A federal judge has overturned a ban on same-sex marriage in Utah, epicenter of the Mormon faith, on grounds that the law violates the rights of due process and equal protection guaranteed by the United States Constitution.

The ruling by Judge Robert J. Shelby strikes down a law approved in a 2004 referendum by 66 percent of Utah voters, and which defined marriage as a union only possible between one man and one woman.

From the Salt Lake City County District Attorney's Office, public officials were informed that, in light of the ruling, from now on they would have to process the marriages of gays and lesbians.

Salt Lake County DA Sim Gill said that "unless there is a change, the current state of the law is that we cannot prohibit it."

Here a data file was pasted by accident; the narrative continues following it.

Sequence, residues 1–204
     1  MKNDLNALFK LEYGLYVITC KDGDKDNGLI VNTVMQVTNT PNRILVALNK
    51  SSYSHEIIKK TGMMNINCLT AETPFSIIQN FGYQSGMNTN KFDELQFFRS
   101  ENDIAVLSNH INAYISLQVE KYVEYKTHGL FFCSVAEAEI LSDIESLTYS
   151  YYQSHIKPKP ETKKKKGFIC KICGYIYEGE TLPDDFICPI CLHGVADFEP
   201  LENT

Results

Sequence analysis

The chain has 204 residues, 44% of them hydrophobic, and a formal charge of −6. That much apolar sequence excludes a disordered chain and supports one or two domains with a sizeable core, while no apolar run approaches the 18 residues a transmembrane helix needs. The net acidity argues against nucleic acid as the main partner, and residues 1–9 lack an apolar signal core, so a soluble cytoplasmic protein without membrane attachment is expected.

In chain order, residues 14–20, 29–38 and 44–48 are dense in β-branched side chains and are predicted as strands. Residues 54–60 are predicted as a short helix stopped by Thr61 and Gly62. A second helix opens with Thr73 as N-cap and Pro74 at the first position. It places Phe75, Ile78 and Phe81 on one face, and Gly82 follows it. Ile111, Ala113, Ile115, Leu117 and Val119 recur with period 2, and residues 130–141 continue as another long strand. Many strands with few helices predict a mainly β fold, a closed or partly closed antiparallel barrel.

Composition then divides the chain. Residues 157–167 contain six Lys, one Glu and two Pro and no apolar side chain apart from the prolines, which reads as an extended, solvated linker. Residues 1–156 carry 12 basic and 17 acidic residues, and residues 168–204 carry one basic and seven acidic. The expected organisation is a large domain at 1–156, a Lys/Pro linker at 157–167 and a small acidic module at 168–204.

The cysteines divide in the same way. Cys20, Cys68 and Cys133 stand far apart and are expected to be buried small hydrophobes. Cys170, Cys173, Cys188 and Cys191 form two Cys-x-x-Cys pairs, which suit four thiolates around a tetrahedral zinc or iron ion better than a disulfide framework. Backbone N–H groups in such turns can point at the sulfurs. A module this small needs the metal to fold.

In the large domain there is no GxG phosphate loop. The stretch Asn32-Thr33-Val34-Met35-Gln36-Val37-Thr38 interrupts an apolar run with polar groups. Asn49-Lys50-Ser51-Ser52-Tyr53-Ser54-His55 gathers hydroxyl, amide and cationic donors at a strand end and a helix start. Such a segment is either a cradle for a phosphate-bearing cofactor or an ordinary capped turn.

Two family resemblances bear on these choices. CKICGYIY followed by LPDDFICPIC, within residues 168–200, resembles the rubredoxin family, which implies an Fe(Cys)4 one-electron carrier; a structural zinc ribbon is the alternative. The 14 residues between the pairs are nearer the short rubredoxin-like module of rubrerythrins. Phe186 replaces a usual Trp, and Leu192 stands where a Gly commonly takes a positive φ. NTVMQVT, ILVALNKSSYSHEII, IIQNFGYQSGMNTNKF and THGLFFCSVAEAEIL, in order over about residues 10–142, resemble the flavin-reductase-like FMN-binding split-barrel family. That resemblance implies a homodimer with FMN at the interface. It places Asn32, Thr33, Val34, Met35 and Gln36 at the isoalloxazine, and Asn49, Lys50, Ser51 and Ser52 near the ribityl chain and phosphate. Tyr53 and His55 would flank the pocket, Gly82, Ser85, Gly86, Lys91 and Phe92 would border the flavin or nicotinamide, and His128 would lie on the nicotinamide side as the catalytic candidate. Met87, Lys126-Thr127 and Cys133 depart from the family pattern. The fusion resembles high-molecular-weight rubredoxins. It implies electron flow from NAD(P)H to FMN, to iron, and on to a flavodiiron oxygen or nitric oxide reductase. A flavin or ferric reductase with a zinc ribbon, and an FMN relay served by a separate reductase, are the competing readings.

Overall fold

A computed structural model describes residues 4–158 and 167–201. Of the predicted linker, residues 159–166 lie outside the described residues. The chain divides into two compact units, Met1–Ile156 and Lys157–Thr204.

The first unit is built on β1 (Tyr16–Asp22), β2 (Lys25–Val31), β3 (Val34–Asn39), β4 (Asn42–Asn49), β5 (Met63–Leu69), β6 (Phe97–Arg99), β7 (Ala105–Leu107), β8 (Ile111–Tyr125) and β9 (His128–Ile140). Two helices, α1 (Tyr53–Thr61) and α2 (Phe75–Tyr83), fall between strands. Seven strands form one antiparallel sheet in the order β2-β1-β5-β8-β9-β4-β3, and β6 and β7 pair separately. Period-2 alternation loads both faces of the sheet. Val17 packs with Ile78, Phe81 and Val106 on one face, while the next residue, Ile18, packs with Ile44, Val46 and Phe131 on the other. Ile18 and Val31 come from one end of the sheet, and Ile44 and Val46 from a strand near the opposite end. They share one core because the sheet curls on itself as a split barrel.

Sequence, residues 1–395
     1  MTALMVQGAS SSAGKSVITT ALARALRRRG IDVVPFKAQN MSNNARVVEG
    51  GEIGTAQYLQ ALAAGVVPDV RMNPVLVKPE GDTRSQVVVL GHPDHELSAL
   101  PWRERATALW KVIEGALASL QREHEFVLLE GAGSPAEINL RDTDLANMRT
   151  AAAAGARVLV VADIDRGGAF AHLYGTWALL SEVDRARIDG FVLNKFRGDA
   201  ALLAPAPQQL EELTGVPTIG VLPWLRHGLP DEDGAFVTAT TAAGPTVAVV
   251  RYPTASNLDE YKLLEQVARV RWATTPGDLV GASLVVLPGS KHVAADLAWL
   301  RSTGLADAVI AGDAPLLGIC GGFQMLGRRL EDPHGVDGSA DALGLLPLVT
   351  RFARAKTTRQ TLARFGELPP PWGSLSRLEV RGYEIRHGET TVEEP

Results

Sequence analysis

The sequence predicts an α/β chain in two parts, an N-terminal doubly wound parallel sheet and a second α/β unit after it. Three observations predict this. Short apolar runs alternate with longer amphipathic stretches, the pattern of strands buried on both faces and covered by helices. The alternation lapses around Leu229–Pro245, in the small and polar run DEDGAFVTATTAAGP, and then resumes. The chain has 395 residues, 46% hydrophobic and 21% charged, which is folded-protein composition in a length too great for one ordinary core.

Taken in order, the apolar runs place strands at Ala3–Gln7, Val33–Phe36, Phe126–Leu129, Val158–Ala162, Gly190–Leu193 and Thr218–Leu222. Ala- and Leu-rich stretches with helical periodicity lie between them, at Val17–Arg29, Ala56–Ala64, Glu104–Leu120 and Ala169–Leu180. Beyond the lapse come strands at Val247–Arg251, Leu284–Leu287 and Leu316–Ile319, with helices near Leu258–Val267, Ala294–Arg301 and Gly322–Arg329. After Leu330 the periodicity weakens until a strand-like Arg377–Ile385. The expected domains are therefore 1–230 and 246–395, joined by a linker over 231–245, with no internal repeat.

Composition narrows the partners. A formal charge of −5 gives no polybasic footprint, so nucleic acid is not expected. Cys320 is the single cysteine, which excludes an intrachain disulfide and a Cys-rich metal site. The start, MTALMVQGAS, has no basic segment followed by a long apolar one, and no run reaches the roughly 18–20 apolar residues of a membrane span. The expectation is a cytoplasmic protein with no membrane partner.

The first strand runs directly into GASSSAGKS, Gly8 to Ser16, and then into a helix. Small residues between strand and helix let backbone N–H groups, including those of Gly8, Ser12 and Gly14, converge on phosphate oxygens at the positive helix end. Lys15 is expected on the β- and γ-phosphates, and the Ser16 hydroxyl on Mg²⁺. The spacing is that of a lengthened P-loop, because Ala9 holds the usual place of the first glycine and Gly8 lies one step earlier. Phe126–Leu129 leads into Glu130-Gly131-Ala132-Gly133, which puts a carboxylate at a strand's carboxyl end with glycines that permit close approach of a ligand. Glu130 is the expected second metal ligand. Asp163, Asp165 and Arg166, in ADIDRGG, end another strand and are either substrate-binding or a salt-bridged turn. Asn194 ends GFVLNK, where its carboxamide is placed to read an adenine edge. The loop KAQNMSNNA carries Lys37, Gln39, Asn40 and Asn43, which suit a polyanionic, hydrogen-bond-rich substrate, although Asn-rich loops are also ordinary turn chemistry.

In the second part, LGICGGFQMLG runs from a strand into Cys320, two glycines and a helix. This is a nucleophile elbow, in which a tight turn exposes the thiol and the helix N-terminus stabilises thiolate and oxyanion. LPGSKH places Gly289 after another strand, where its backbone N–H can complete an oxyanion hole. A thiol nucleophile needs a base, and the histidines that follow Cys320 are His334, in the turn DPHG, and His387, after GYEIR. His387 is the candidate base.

In a communique, Utah Gov. Gary R. Herbert, expressed his indignation that "an activist federal judge is attempting to override the will of the people of Utah."

The Attorney General's Office said in a brief note that it was studying the judge's decision and will file an appeal.

Once the news was out, the first weddings began to take place in Salt Lake City, where Mayor Ralph Becker said he was ready to stay up through the night to marry all the same-sex couples he can.

The Church of Jesus Christ of the Latter Day Saints, as the Mormon faith is officially known, expressed confidence that the courts will overturn Judge Shelby's ruling.

This Friday's verdict adds Utah to the list of 17 states of the union where same-sex couples are allowed to marry. EFE